After a few weeks, we are back with Wisdom Wednesday. With November here, hopefully I’m getting closer to a normal schedule, but we’ll see. Today, we continue with our series on the book of Ecclesiastes presenting Chapter 7. This is actually a very powerful chapter as Solomon begins to take a deeper look into wisdom.
In verse one, he shares that a good name is better than perfume because the good name can last longer. Someone once said, It takes years of hard work and excellence to build a reputation, but it takes only minutes of folly to destroy that same reputation.
In verse three, he contradicts Proverbs 17:22, “A merry heart is like a good medicine,” by telling us that sorrow is better than laughter and a sad face is good to the heart. But he is also comparing to Proverbs 14:13 as it says, “Even in laughter the heart may ache, and joy may end in grief.” In the end with death, we tend to recall the good memories of a passed person. We may still mourn, but with a laughing spirit.
We are given good advice in verse five to heed a wise man’s rebuke. The reasoning is that this wisdom is an effort to keep us from being fools. I had really never understood verse six until I lived with a gumball tree. When we light the leaves from an October or November falling, the gumballs will only crackle but remain even after the fire is gone.
In verse seven, Solomon is showing us two ways that money changes people. Paul takes that thought deeper in his first letter to Timothy 6:10, “For the love of money is a root of all kinds of evil. Some people, eager for money, have wandered from the faith and pierced themselves with many griefs.” We are to use money as a means to an end, but not to fall in love with it.
Verses 8-9 give us encouragement to hold our tongues. With ending a matter, we are forgiving, or at the very least , letting a transgression pass. With verse nine, we are being reminded to be slow to anger.
Verse 10 left me with a mind of old men sitting in rockers on a summer day talking about the days when things were different. Each generation seems to remember their times as sweeter or even more innocent. Some part of me thinks that this is more about the idea that we are to keep looking forward to a day without sin or pain when Christ comes.
Verse 11 begins a change. This verse begins looking at a world with Christ rather than without. Solomon says, “…those who see the sun.” He is beginning to talk about people who understand their place in the universe with God. Verse 12 talks about both wisdom and money as shelter, but that wisdom preserves the life of its possessor. Money can’t preserve you, but if you use the wisdom that God has given you, it will save you from disaster or failure.
Verses 13-14, Solomon begins to credit God with accomplishment. No one else can straighten what God bends. God has made both good and bad times. He tells us to be happy during the good times. We are to enjoy the blessings God gives us.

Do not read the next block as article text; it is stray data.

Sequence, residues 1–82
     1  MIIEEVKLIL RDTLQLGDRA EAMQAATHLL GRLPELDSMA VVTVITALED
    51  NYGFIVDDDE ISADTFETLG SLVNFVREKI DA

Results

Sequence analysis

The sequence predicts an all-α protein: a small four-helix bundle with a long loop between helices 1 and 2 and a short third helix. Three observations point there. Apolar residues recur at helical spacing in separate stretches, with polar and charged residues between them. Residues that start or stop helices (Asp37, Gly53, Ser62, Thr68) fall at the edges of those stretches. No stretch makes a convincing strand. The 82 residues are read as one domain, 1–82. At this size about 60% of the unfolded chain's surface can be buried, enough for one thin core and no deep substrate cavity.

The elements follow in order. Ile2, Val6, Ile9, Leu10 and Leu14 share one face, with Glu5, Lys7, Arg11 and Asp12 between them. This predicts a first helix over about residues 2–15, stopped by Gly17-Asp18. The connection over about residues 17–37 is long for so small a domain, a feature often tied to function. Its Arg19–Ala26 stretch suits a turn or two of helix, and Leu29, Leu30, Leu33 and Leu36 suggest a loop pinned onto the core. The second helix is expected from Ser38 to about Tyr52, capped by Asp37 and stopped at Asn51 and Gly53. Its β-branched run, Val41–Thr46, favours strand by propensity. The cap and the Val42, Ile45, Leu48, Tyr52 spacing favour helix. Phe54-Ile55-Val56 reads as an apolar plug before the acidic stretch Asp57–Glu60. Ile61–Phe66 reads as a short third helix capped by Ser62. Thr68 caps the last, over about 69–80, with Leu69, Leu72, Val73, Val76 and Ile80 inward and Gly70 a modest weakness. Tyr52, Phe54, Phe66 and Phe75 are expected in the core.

In verses 15-17, Solomon gives us examples of people. Righteous people perishing in their righteousness. “Me doth think he protest too much,” is the famous saying of people who are trying to tell us how right they are. Wicked people living long in their wickedness. Not every bad guy is like evil in the movies. Their deeds cannot be summed up in a 90-minute saga. Some people figure out how to get away with it for months or even years.
In verse 18, Solomon goes back to the comparison of wisdom and money. While its good to grasp wisdom, don’t just let go of money. In verse 19, Solomon tells us being wise can make you powerful because you are blessed to see perspectives of many.
Solomon changes the tone again in verse 20. He wants us to understand that no matter how hard you try, you’ll not get it right every time. Verse 21 is a reminder that sometimes you’ll have to make unpopular decisions in life and not to let it bother you because, as he states in verse 22, you will probably disagree with others at different points.
In verse 23, he begins to tell us that he’s tried it all by testing. We may learn many things, but there is only one that knows all. We will never quite understand everything. Starting in verse 25, Solomon begins to show us some of the things that held him back. In verse 28, he states that he found one righteous man (talking about himself), but no righteous women among thousands. This is because of his marrying women outside of the Israelites, explained in 1 Kings 11.
So he closes this chapter with a thought. God makes us upright, but we go searching for schemes. God wants us to choose Him and let Him show us the right ways. However, we get caught up in wanting to make our own way, without direction from God. That’s where we get into trouble. That’s what seemed to get Solomon. When he chose something outside of what God wanted for him, he suffered. If the story sounds familiar, it is true of all of us.
God wants us to pursue Godly wisdom. Whether that is by reading his Word, spending time in prayer, or seeking the wise counsel of others who are doing those two things. He wants that communication with us so that we can grow.
Next week, we will look at Chapter 8 and learn more wisdom and how the wicked are dealt with.
I love you guys!